Espresso Display
Image: Espresso Display

The highly portable nature of the Switch makes it a great system for those who are on the road a lot – not just because you can use the console's built-in 720p display for mobile gaming, but because it's also easy to carry around a second, external screen which bridges the gap between the Switch's display and your large flatscreen television at home.

The Switch's arrival on the market has fortuitously come at the same time as an explosion in external monitors; these thin and portable panels have a wide range of uses – they connect to almost anything that has HDMI-out, but also accept USB-C connections too, so you can use them with your laptop or even your smartphone – but many of them are being marketed as the ultimate Switch travel accessory; a screen thin and light enough to be carried in your rucksack, but one which offers a crisp 1080p image and can be powered using high-capacity USB battery packs. Oh, and shmup fans should note that TATE mode is great on these things.

With so many options on the market, we thought it might be a good idea to look at a few examples so you can get an impression of which one is right for you.

Editor's note: All of the screens shown below support USB-C connectivity with the Switch to share both image and picture data, as well as power, and in many of the manufacturer-supplied images used below, the Switch is shown being used without the dock. We used the original dock to test each screen unless expressly noted.

Nintendo Switch 1080p Portable Monitors

4K On A Budget: Desklab Ultralight Portable Monitor

We know what you're thinking – why would you want a 4K monitor for your Switch, when the most the console can output is 1080p? That's hard to argue with, but, unlike rivals such as the INNOCN PU15-PRE, this 4K screen costs just $399. Now, that's still a fair chunk of change for most people, but if you're in the market for a portable screen that's lightweight, has touch functionality (which only works on PC at the moment, sadly) and is capable of handling a 4K image as and when it's needed, this is a solid choice.

The image quality is fantastic, even if it isn't quite as nice as the OLED-powered PU15-PRE (there's an IPS screen in Desklab's display) and there's no internal battery, but otherwise, this one offers a distinct advantage over 1080p screens which cost around the same price; it's future-proof and will come in handy when Nintendo eventually releases a console with 4K output.

The downside here is that a kickstand isn't included in the box and must be purchased separately for $50 – without it, it's very hard to use the Desklab Ultralight Portable Monitor unless you prop it up against something, or you have an existing monitor stand you can use.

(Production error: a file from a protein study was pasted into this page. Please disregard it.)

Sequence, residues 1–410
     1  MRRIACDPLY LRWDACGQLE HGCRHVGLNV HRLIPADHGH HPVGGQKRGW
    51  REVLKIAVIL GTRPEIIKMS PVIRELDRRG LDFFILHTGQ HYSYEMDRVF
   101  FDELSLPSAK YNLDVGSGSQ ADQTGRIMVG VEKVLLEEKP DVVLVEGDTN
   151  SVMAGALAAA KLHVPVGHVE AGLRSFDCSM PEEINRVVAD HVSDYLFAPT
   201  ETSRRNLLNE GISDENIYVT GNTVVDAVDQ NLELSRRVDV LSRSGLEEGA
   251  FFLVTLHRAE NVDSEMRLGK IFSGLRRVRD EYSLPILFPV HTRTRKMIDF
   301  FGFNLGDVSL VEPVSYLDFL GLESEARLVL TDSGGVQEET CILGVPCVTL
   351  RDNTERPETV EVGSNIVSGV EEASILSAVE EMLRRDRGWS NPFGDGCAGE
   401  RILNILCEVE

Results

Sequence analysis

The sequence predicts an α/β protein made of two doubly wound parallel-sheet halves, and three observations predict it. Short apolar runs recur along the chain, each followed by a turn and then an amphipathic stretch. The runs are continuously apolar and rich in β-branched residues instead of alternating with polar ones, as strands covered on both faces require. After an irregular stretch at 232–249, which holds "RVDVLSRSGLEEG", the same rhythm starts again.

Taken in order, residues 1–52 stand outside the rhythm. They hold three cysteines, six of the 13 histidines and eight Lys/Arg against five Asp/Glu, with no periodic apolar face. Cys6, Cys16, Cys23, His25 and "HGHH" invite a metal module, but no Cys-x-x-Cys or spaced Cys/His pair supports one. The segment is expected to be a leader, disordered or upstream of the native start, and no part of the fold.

Cost: $399

Pros: 4K display, lightweight design

Cons: Kickstand isn't included in the price

The Premium Choice: espressoDisplay V2

Out of all of the screens we tested here, the espressoDisplay V2 is the one that feels the most premium. It comes in Apple-style packaging (the other displays arrived in largely plain boxes) and boasts a brushed-aluminium finish on its casing. Simply put, it looks gorgeous, even when it's switched off. We've featured the V2 model here, which benefits from new features such as auto-rotate and 'espressoFlow', the latter of which requires a software download on your computer and is mainly there to benefit Mac users (and even then, developers need to incorporate support for the screen in their apps, as there's no 'native' support for touch, which lucky Windows users get out-of-the-box).

Optional extras include a cool espressoStand adjustable metal stand – which uses magnets to hold the Espresso V2 in place, making it appear very much like a traditional monitor – as well as the espressoPen that can be used with the espressoDisplay V2's aforementioned touchscreen functionality. That naturally doesn't apply when using a games console like the Switch, but if you plan on buying a screen for both productivity and leisure, it's massively helpful – especially if you're a creative type who does a lot of digital art. There's also a cover that uses magnets to bolt onto the top of the screen and protects it when you're on the move.

Pitched as the world's thinnest portable monitor with a thickness of 5.3mm (the V1 model was 5.5mm) and overall weight of 865g, the espressoDisplay V2 is super-svelte yet offers a decent picture; the only drawback is that, because the case is so thin (there isn't even a 'bump' on the back, as is the case with the other screens tested here), the stereo speakers are quite weak when compared to the other screens we tested. It's by no means a dealbreaker, but we'd have liked a bit more 'oomph' when it comes to audio quality.